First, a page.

OUT OF YOUR TINY MIND PALACES
I hope we all settled down on New Year's Day to watch Sherlock: The Abominable Bride, didn't we? We did, didn't we? Well, even if you've been trapped under something heavy and unable to click on iPlayer, you're totally familiar with Sherlock (Benedict Cuberbatch) and his "memory palace" technique for remembering absolutely everything... Really? Do we have to start from the beginning?
It's a memory technique. It doesn't have to be an actual place. The way it works, you put information there, and theoretically you'll never forget it, you just have to find your way back to it - Sherlock
And it is a real thing, the memory palace. Only it's not really called that. It's called the "method of loci" and it was first written about by the ancient Romans. I won't say they invented it because it was probably about for centuries before them. Anyone who's read The Odyssey must have wondered how poets like Homer got to know huge poems back in the days before writing was invented. But it was the Romans who perfected the technique and the famous philosopher Cicero describes it in his book on public speaking.
It works by getting parts of your memory that normally work separately to start cooperating: the visual memory and the semantic memory. You choose a place you know very well (such as your bedroom) or a familiar route (like your journey to work or school). The various "stops" along the way or items of furniture in your room are the "loci" in your memory palace and you visualise the things you need to remember being present there. When you need to recall them, you mentally "retrace your steps" through the room or along the route, pausing to notice each of the things you need to remember in order.
The only fiddly thing about memory palaces is building them: coming up with memorable people or things can take a bit of imagination sometimes, but the only thing that matters is that the connection makes sense to you. So if you want to remember King John coming after Richard the Lion-Heart and you once had a pet gerbil called John, then you need to imagine the lion being chased away by a gerbil. The sillier the better, because that makes it memorable.
But if a bearded American dude makes it clearer to you, have a look at this chap explaining things instead:
The Method of Locus does work and the more you use it, the easier it gets. In theory, you could build up a huge repertoire of knowledge based on the same route or room: so long as you get the starting connection right, your semantic memory will retrieve the next image in the sequence, so you won't get you kings and queens of England muddled up with your past winners of X-Factor (Steve, Shayne, Leona...).
Now you might be thinking, that's all very well, but it won't let me do the stuff that Sherlock does! Well... NO, because Sherlock is a FICTIONAL CHARACTER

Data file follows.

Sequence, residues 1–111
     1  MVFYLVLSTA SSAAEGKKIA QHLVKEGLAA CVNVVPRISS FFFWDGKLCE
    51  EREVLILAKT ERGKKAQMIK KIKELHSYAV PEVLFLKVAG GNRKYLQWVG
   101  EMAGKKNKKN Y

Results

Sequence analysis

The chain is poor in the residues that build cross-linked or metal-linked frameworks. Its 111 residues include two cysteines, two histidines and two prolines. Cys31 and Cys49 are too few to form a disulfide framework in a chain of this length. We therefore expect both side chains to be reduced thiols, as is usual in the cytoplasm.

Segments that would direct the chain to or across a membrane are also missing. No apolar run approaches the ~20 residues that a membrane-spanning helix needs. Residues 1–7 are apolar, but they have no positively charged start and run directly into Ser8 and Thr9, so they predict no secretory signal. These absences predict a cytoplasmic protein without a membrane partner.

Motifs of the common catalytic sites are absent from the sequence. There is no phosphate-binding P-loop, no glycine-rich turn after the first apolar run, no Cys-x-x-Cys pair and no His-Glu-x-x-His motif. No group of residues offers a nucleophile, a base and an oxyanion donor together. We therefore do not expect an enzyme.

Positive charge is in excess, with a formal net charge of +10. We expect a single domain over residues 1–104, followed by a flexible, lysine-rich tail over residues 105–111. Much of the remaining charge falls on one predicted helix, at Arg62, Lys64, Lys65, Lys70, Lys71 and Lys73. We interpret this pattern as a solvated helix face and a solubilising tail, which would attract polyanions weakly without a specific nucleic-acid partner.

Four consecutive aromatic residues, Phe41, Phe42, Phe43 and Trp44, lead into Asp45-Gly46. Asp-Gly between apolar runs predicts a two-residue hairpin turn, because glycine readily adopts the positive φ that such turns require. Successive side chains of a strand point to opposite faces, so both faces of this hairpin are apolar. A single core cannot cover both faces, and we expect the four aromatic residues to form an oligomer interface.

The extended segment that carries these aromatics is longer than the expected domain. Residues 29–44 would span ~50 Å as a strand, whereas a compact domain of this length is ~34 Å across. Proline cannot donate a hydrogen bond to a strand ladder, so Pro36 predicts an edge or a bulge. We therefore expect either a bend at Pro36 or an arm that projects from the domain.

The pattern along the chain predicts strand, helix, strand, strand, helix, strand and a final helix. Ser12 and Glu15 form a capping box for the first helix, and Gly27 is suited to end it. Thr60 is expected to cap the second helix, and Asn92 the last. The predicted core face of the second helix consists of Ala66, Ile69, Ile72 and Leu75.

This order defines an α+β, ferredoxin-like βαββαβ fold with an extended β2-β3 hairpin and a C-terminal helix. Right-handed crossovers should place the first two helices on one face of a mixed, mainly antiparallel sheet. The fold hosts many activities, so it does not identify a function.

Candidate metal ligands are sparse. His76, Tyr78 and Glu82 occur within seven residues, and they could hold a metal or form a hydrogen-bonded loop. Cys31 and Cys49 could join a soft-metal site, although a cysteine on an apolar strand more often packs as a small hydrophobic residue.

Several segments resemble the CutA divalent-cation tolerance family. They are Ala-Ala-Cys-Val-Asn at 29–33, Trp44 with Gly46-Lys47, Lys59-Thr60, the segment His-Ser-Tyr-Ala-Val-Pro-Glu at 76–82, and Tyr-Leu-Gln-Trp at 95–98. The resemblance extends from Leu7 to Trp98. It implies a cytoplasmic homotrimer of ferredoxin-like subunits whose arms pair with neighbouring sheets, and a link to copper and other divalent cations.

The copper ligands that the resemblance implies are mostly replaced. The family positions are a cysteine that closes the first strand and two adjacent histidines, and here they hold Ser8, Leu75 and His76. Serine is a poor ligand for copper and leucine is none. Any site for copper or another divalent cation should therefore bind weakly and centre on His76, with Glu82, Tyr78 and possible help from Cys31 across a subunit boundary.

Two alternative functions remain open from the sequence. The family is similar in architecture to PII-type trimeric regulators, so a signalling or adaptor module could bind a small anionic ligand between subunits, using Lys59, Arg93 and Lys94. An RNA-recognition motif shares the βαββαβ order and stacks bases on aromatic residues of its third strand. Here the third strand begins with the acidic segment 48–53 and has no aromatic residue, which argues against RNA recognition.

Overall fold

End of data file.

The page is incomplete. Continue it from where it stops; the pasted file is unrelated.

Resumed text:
But despite this, some pretty impressive feats of memory go on using the Method of Loci and similar techniques. Since the '90s, there have been Memory Competitions and the 2006 World Memory Champion, Clemens Mayer from Germany, used a 300-point-long journey through his house to recall 1040 random digits in a half hour. Gary Shang has used the method of loci to memorise pi to over 65,536 digits. Read that back to yourself. Pi, to over 65,000 digits. Now watch that scene from Life of Pi and think, somebody did better than that! The clip below shows Thomas Morton, who has memorised a great amount of pi and a telephone directory!
The point is, these are ordinary people using a memory technique (memory tecniques are called "mnemonics") to do extraordinary things. They're not extraordinary people. There are extraordinary people out there. The page on individual differences in memory has some stuff on photographic memory, people like Stephen Wiltshire who can draw a whole city from memory. The point is, these people don't use mnemonics. They have abnormal memories.
Interestingly, TV's Sherlock is presented as being on the austistic spectrum, having difficulties in relating to people around him. Stephen Wiltshire is also autistic. While not every person (or even most people) on the autistic spectrum has this sort of phenomenal memory, it's interesting that some do. These "savants" seem to gain some abilities almost as compensation for losing others.
There's a terrific documentary series called Beautiful Minds available through Youtube and the first episode, The Memory Masters, deals with these people. Here's part of that below: have a watch and be amazed.
9/3/2021 07:46:28 pm
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The Psychology Wizard is Jonathan Rowe. I'm a teacher and writer, living in the Fens of Lincolnshire. It sure is flat here. I'm writing a Roman Horror Novel at the moment. Check out Tinderspark and The Thief Of Faces if you fancy a good read.